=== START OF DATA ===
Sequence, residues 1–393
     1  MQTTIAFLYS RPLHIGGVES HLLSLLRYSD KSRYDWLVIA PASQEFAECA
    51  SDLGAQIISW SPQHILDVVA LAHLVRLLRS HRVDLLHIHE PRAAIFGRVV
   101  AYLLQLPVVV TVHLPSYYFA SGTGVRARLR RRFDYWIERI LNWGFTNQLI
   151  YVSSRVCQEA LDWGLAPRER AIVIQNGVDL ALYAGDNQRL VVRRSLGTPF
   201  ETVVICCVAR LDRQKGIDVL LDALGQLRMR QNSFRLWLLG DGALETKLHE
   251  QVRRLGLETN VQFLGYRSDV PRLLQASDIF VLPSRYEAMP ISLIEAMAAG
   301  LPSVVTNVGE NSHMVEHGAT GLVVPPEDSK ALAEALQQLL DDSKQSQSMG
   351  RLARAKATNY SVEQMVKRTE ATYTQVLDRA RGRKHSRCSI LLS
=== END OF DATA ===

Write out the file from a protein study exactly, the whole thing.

Sequence, residues 1–393
     1  MQTTIAFLYS RPLHIGGVES HLLSLLRYSD KSRYDWLVIA PASQEFAECA
    51  SDLGAQIISW SPQHILDVVA LAHLVRLLRS HRVDLLHIHE PRAAIFGRVV
   101  AYLLQLPVVV TVHLPSYYFA SGTGVRARLR RRFDYWIERI LNWGFTNQLI
   151  YVSSRVCQEA LDWGLAPRER AIVIQNGVDL ALYAGDNQRL VVRRSLGTPF
   201  ETVVICCVAR LDRQKGIDVL LDALGQLRMR QNSFRLWLLG DGALETKLHE
   251  QVRRLGLETN VQFLGYRSDV PRLLQASDIF VLPSRYEAMP ISLIEAMAAG
   301  LPSVVTNVGE NSHMVEHGAT GLVVPPEDSK ALAEALQQLL DDSKQSQSMG
   351  RLARAKATNY SVEQMVKRTE ATYTQVLDRA RGRKHSRCSI LLS